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Saudi Arabia losing ground to Iran

Saudi influence in the region has been on the decline for a number of reasons, and the kingdom has now suffered another setback in Lebanon with the election of President Michel Aoun, an ally of Hezbollah.
A woman carries a picture of Hezbollah leader Hassan Nasrallah during an event to celebrate Lebanese President Michel Aoun's presidency, at the presidential palace in Baabda, near Beirut, Lebanon November 6, 2016. REUTERS/Mohamed Azakir - RTX2S4L6

Saudi Arabia is losing influence throughout the Fertile Crescent to its rival Iran. While Riyadh's position versus Tehran has been in decline for some time, the trend is accelerating. Saudi setbacks are partly due to factors outside its control, but also due to inherent weaknesses in Saudi capacities.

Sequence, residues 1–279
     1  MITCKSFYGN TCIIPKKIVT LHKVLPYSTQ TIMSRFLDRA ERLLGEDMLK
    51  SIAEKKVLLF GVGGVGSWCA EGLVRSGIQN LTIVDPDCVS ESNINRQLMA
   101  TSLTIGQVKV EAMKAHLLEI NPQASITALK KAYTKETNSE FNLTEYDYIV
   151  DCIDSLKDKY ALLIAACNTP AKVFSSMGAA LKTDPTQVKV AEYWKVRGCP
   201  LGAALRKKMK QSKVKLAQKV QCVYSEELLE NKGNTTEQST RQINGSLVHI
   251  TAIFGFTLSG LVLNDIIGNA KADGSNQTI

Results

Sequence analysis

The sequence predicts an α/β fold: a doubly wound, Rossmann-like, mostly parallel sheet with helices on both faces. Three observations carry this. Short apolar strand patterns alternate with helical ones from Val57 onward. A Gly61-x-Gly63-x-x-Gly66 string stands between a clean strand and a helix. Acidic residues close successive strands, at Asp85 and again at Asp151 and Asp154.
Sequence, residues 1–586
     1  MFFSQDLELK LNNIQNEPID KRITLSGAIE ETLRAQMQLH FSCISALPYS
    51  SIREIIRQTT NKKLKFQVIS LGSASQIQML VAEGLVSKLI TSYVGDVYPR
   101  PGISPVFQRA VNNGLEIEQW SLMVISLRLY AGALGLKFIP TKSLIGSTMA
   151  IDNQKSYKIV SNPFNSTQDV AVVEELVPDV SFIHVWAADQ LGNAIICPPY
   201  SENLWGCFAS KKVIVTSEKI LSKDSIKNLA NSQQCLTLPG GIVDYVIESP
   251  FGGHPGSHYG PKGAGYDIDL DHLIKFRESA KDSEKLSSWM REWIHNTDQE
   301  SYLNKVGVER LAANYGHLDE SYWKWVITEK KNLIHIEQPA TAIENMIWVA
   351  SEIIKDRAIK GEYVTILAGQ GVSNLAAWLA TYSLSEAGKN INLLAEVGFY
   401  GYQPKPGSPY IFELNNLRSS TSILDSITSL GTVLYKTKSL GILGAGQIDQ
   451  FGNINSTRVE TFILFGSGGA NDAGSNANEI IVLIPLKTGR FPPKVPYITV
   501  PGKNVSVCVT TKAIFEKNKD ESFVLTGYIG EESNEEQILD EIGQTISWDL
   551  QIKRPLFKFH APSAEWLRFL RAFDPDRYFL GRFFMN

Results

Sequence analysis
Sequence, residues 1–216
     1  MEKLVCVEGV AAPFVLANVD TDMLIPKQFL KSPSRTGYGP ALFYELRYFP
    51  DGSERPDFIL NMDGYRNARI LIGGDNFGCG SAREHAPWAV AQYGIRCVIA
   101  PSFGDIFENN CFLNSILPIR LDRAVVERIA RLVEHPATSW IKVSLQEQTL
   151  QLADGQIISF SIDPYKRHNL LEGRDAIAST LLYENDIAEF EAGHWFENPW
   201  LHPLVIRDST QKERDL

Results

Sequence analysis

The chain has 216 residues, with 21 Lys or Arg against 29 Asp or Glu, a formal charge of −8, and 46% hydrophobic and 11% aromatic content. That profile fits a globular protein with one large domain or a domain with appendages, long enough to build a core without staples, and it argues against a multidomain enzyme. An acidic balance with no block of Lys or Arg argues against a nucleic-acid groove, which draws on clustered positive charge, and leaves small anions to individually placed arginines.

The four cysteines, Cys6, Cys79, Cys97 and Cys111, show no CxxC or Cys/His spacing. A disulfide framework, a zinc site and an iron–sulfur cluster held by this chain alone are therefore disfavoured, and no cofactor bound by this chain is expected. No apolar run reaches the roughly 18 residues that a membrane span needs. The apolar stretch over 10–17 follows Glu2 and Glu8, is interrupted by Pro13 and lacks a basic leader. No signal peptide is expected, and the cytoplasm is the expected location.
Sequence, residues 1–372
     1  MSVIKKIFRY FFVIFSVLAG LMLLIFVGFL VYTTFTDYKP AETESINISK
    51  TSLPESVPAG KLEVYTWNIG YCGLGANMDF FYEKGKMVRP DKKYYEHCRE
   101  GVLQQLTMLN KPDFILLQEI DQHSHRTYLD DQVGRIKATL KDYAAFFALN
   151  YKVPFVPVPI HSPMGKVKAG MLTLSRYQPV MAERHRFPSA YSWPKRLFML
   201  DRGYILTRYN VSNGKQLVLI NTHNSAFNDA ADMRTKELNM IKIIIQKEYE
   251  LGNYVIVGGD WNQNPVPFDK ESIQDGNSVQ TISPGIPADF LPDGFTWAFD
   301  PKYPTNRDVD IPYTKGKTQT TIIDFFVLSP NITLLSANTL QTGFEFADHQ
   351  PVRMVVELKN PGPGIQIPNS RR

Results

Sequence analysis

The kingdom has not had a friendly regime in Iraq since Saddam Hussein invaded Kuwait a quarter century ago and threatened to keep marching into Saudi Arabia's oil-rich Eastern Province. But for most of the 1980s, Saudi Arabia and Iraq were close partners in containing the revolutionary wave from Iran. King Fahd provided Saddam with tens of billions of dollars in aid during the Iran-Iraq War; without Saudi financial help, Iraq would have collapsed. Fahd also rallied the other Gulf states to help Saddam and promoted Saddam as a power to work with in Washington.

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